The usually hushed world of chess is in uproar after a contagion of cheating during lockdown.
With more games being forced online, computer programmes are increasingly being used to find the perfect move, swing games and boost players’ rankings.
Scots chess administrators said the number caught cheating has doubled since lockdown began, but added there are stringent measures in place to catch the cheats.
John McNicoll, a council member of Chess Scotland and a qualified arbiter in the game, said: “It’s harder to catch people cheating online than it is playing in the traditional way. People think no one will ever know if they use a computer to cheat but, we have various methods to catch them.
“We have caught people and have punished them by banning them. It has risen a lot since lockdown. Before, we considered about two accusations of cheating in three or four years. Since lockdown, we’ve had five or six.”
It’s estimated there are around 2,500 people in Scotland who play at a serious level. Cheats use computer programmes to work out optimum moves which only the very best players would know. But authorities have their own software which can analyse a player’s moves and detect suspicious patterns.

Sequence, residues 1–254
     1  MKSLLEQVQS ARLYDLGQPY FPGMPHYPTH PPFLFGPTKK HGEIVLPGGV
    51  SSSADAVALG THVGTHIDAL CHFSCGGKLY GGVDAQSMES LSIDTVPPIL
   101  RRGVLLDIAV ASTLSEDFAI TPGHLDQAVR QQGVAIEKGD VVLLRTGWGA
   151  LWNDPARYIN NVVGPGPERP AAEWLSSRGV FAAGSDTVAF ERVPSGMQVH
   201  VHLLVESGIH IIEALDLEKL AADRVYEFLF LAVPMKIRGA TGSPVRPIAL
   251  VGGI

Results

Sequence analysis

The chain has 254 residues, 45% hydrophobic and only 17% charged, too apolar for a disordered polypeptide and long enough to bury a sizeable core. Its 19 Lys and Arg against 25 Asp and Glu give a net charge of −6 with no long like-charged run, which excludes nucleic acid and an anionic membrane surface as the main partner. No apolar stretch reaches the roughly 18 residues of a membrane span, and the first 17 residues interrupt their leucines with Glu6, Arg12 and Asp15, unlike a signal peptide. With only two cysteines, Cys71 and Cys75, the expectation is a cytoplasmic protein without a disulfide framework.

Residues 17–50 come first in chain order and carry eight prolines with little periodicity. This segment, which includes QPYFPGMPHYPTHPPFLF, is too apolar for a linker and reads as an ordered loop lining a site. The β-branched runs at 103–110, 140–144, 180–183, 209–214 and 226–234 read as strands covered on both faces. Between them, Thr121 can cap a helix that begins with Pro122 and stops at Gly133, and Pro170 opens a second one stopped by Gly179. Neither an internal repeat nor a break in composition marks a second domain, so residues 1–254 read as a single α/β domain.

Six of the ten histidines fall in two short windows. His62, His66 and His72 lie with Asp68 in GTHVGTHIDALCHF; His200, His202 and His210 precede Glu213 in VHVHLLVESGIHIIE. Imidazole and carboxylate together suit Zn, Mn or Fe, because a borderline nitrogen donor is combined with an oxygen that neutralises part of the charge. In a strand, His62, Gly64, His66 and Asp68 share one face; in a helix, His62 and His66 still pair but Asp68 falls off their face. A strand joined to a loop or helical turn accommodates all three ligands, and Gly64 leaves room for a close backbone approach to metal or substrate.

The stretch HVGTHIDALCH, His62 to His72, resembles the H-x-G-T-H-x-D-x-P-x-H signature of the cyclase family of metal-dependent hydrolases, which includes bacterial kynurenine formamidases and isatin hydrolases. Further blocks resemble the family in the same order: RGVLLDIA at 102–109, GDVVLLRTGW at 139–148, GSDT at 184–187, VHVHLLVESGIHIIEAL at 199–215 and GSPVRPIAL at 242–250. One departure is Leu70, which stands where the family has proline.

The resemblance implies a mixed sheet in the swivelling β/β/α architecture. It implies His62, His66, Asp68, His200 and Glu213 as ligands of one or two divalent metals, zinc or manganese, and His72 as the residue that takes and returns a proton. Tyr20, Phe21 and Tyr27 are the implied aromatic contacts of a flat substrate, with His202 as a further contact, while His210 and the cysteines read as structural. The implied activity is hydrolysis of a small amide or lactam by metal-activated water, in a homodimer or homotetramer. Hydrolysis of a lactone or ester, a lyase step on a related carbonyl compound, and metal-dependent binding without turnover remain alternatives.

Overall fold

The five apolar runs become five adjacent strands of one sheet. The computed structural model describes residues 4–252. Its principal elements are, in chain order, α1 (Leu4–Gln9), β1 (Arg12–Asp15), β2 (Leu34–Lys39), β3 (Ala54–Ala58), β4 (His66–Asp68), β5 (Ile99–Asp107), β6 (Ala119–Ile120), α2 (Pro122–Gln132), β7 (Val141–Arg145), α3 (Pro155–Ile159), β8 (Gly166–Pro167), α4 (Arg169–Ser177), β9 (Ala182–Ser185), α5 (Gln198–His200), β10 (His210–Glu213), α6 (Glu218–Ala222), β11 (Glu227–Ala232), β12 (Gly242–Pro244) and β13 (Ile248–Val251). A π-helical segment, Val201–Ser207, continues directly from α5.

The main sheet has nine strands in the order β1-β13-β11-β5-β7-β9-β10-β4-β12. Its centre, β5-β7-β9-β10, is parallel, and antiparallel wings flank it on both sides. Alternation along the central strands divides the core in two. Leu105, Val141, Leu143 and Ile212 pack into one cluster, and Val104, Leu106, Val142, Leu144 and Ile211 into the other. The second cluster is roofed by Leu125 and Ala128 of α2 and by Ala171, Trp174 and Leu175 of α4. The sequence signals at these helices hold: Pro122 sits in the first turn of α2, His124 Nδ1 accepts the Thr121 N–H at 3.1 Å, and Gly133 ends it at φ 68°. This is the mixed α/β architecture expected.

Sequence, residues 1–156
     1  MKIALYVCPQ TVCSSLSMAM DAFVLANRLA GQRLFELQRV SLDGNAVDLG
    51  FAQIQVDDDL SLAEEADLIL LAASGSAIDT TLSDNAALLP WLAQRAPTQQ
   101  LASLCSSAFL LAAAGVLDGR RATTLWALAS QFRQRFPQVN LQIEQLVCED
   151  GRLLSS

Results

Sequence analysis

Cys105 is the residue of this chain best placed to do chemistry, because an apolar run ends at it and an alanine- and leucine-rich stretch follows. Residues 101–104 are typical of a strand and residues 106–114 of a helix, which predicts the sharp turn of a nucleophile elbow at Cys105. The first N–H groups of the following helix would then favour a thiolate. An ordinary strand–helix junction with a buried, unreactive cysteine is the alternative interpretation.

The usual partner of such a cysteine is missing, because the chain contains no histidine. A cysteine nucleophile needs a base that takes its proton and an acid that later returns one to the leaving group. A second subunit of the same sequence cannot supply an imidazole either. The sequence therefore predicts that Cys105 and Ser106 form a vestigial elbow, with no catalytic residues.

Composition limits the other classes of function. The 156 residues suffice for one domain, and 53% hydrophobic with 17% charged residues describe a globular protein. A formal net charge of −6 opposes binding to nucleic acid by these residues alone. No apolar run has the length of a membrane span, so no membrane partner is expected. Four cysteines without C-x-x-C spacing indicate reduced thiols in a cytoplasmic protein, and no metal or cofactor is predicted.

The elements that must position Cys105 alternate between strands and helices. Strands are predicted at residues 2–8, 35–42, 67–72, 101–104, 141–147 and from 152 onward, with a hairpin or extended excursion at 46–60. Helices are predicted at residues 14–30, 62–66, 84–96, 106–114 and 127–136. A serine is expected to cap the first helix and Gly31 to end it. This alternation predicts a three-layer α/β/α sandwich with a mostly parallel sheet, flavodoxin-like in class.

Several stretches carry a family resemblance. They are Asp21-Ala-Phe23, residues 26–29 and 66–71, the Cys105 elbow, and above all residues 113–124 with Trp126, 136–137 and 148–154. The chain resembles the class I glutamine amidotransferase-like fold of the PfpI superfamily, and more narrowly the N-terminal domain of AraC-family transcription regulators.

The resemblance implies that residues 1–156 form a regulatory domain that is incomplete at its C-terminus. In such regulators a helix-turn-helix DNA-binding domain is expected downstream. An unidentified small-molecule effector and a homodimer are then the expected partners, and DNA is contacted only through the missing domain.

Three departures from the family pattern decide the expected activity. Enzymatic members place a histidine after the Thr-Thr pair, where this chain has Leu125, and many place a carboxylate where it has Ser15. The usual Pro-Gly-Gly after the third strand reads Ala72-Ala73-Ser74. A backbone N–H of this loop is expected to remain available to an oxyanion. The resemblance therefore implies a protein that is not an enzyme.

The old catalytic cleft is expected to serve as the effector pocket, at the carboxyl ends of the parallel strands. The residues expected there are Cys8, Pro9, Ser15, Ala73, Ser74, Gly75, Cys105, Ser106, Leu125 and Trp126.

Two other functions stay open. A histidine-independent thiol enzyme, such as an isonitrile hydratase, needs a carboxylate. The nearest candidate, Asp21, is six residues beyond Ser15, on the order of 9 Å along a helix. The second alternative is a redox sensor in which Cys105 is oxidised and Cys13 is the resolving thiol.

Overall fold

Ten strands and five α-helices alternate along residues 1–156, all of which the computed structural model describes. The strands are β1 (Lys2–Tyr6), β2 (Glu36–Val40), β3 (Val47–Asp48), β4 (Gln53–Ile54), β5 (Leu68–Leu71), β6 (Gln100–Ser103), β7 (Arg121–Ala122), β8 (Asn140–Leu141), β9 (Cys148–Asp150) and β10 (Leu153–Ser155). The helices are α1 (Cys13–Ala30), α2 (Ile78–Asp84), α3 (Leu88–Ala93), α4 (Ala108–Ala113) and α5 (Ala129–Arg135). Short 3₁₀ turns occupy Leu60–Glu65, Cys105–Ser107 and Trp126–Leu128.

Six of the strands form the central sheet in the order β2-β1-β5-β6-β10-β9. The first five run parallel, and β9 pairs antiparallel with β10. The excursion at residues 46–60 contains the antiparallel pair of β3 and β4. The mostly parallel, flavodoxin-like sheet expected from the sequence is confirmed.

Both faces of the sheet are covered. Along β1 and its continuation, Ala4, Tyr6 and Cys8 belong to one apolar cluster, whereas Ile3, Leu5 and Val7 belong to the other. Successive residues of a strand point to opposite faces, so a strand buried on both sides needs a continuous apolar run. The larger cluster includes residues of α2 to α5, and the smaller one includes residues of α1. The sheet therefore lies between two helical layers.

Mr McNicoll said: “We have seen low-graded players suddenly playing like the world champion. We have caught one adult, with an investigation into another adult ongoing, and the rest have been younger players.”
Andy Howie, executive director of Chess Scotland, who chairs its anti-cheating committee, said: “There has been quite an increase since lockdown and since we went online. However, it has not affected Scotland as much as elsewhere.
“We have made it clear we will have measures in place to catch cheats and we will be on the front foot on this issue.”
Experts agree there has been a surge in what’s been referred to as “computer-doping” since games went online following lockdown.
Chess.com, the world’s biggest site for online play, said it had 12 million new users this year, up from 6.5 million last year. The cheating rate had jumped from between 5,000 and 6,000 players banned per month last year to almost 17,000 in August.
Gerard Le-Marechal, head of the site’s fair play team, said: “It’s just so easy to do and it’s without doubt creating a crisis.”
International Chess Federation boss Arkady Dvorkovich described cheating as a “plague” within the game.
Professor Ken Regan, who has devised a computer programme to scan games and detect cheating, said: “The pandemic has brought me as much work in a single day as I had in a year previously.”
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